A LABORATORY STUDY OF CONTRAILS

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  • 1 Cornell Aeronautical Laboratory, Inc.
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Abstract

Contrails were produced for laboratory study by burning aircraft fuels under controlled conditions of ambient temperature and humidity at pressure altitudes between 1000 and 300 mb. Observed critical formation temperatures differ from Appleman's theoretical data in a manner similar to that obtained on project CLOUD TRAIL flights. Laboratory experiments with these trails proved that the initial phase of the condensed moisture is liquid and produced strong evidence that, contrary to general belief, the final phase is sometimes liquid. Additional evidence was obtained indicating that Appleman's criterion for a barely visible trail (0.004 g per m3 of condensed moisture) is very nearly correct for ideal conditions of observation such as used in the laboratory, but is probably small by an order of magnitude or more for adverse conditions. By modifying Appleman's theory to allow for the production of a visible quantity of liquid water under adverse viewing conditions, agreement is reached with project CLOUD TRAIL data. Also presented is a simple interpretation of the theory which substantially reduces the labor required to compute critical temperatures for contrail formation.

Abstract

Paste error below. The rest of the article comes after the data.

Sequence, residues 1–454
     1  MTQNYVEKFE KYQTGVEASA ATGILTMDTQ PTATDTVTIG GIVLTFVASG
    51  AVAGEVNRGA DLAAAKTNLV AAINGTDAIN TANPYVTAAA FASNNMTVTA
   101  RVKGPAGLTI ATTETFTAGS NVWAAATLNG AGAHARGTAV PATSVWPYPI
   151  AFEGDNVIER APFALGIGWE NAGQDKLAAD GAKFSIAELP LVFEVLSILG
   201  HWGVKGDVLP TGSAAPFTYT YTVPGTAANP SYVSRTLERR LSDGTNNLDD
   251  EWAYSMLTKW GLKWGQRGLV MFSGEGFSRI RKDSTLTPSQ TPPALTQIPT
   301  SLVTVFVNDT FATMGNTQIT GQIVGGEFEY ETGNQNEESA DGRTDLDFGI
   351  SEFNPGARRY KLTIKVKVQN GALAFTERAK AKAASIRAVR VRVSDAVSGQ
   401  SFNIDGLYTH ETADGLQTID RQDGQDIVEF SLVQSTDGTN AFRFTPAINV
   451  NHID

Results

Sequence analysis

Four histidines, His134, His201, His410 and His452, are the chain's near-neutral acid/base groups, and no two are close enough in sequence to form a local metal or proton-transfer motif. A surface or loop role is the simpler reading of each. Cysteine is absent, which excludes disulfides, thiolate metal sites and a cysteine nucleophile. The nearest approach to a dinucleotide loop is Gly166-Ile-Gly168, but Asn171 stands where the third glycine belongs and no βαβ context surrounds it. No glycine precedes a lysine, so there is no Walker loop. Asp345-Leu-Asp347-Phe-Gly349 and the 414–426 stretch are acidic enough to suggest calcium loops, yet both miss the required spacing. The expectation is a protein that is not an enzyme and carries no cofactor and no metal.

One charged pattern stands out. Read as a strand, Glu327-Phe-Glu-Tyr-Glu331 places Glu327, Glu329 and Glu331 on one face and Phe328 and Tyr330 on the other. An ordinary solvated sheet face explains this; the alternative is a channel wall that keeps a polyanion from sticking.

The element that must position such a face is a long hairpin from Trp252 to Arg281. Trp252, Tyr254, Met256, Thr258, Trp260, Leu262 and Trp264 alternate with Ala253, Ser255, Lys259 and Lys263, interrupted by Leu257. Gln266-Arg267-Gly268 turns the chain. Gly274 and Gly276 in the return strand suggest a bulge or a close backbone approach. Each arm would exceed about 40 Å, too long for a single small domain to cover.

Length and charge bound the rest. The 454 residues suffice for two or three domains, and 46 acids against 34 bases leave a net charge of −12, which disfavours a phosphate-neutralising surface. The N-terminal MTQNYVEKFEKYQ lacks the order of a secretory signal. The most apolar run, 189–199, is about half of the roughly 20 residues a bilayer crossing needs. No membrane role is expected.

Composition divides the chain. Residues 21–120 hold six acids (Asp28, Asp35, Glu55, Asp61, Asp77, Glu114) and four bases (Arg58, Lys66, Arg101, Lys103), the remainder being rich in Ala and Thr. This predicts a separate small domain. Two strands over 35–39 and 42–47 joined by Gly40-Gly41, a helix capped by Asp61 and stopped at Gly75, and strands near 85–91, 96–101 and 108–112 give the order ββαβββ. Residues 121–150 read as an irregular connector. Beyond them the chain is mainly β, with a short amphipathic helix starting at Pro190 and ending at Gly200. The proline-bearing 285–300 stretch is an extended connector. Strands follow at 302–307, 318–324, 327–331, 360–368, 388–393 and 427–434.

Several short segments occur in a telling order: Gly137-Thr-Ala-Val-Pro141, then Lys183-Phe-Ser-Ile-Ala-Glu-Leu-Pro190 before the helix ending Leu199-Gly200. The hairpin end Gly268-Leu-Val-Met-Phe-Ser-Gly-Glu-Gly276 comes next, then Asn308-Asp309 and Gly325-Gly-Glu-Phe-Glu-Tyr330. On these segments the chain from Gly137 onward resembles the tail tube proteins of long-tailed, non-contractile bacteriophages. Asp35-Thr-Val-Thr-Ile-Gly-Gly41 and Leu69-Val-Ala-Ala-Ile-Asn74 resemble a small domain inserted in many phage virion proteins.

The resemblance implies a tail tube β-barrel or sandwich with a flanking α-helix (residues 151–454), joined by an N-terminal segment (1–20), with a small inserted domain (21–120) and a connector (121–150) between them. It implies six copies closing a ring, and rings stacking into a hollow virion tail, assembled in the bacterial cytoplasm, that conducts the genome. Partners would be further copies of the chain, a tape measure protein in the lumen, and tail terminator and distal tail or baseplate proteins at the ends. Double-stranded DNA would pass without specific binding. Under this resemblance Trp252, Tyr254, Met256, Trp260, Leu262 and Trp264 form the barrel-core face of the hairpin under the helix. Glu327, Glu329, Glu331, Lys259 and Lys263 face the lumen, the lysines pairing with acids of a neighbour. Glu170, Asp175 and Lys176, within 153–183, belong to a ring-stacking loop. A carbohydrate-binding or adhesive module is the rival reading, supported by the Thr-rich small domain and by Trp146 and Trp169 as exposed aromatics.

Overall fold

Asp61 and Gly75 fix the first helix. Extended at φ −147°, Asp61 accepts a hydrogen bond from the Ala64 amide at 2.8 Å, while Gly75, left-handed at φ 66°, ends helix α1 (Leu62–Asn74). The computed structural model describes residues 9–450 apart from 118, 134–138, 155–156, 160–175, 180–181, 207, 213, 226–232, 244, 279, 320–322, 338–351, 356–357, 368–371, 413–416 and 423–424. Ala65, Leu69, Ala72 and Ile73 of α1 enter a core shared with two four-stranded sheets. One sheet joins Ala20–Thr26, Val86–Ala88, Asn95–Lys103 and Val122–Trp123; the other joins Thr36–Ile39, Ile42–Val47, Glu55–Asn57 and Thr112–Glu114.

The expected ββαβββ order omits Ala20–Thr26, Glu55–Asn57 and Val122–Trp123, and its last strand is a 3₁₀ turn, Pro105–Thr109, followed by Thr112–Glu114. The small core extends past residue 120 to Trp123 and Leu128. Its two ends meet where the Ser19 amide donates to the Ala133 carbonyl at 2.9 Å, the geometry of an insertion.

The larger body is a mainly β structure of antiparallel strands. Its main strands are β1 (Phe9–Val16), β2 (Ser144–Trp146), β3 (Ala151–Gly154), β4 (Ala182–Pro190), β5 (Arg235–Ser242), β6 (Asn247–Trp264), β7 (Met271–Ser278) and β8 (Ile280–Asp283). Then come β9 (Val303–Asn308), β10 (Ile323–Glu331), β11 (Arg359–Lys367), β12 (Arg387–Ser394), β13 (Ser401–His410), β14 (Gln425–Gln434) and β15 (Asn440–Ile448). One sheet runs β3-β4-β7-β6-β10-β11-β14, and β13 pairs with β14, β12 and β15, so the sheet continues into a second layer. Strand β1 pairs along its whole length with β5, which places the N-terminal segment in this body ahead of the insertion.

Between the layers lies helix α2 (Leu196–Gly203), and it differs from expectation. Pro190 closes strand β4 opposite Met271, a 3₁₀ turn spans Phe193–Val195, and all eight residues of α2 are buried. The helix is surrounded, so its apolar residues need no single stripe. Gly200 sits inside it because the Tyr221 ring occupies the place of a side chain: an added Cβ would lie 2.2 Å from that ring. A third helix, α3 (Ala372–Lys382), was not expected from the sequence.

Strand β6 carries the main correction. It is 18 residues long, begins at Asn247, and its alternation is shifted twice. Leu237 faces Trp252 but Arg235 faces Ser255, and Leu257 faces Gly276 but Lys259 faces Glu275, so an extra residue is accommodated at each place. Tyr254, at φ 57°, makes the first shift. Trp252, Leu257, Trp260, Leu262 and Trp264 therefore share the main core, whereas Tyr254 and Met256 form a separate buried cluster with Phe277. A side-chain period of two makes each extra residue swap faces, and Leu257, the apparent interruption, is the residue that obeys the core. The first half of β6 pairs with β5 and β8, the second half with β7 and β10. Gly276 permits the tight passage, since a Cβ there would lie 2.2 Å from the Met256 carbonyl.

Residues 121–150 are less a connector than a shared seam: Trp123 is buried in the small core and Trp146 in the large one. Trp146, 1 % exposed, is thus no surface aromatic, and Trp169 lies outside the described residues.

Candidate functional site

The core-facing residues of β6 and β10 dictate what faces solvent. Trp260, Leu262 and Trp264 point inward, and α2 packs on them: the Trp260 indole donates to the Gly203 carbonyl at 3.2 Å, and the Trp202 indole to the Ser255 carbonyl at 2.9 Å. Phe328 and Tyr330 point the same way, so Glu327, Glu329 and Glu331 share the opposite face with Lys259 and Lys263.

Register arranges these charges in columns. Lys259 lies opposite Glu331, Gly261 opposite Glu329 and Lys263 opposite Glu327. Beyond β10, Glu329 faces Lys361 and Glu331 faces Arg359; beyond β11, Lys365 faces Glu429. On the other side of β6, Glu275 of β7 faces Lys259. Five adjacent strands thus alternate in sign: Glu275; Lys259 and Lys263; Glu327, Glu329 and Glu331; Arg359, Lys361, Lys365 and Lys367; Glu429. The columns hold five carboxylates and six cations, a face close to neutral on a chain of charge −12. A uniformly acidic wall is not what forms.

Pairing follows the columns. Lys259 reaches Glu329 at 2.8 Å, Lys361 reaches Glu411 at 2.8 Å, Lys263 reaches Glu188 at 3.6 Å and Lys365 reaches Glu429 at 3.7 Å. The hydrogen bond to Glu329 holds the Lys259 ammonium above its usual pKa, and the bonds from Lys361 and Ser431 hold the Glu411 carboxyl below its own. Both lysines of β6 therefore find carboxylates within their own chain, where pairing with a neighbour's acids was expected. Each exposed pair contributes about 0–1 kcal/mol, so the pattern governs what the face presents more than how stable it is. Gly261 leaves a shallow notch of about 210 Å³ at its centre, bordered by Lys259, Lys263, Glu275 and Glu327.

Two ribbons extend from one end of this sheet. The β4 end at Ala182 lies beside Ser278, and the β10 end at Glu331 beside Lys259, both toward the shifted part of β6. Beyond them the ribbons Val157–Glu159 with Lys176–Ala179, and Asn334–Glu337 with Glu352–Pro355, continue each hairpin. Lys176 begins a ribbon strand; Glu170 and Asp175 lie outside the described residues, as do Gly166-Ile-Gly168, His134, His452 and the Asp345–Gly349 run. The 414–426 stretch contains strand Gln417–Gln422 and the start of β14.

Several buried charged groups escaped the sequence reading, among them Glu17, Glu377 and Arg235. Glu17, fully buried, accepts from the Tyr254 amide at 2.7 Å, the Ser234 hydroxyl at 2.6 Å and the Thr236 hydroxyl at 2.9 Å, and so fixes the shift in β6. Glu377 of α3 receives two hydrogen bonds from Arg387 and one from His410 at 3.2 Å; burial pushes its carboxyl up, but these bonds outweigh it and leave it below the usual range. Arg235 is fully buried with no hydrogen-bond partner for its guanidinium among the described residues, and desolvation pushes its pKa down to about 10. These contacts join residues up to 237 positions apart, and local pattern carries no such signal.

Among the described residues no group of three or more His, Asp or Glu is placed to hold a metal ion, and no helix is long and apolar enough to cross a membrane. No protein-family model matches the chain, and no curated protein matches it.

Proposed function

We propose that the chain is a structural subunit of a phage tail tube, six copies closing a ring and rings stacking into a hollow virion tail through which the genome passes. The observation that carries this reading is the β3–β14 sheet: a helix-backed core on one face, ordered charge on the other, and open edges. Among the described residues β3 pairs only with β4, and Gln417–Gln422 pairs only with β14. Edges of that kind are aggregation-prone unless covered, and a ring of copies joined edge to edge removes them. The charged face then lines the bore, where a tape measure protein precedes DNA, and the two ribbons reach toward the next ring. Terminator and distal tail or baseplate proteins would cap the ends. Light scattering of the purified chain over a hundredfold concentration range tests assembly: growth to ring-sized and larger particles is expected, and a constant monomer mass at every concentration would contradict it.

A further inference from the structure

Contrails were produced for laboratory study by burning aircraft fuels under controlled conditions of ambient temperature and humidity at pressure altitudes between 1000 and 300 mb. Observed critical formation temperatures differ from Appleman's theoretical data in a manner similar to that obtained on project CLOUD TRAIL flights. Laboratory experiments with these trails proved that the initial phase of the condensed moisture is liquid and produced strong evidence that, contrary to general belief, the final phase is sometimes liquid. Additional evidence was obtained indicating that Appleman's criterion for a barely visible trail (0.004 g per m3 of condensed moisture) is very nearly correct for ideal conditions of observation such as used in the laboratory, but is probably small by an order of magnitude or more for adverse conditions. By modifying Appleman's theory to allow for the production of a visible quantity of liquid water under adverse viewing conditions, agreement is reached with project CLOUD TRAIL data. Also presented is a simple interpretation of the theory which substantially reduces the labor required to compute critical temperatures for contrail formation.

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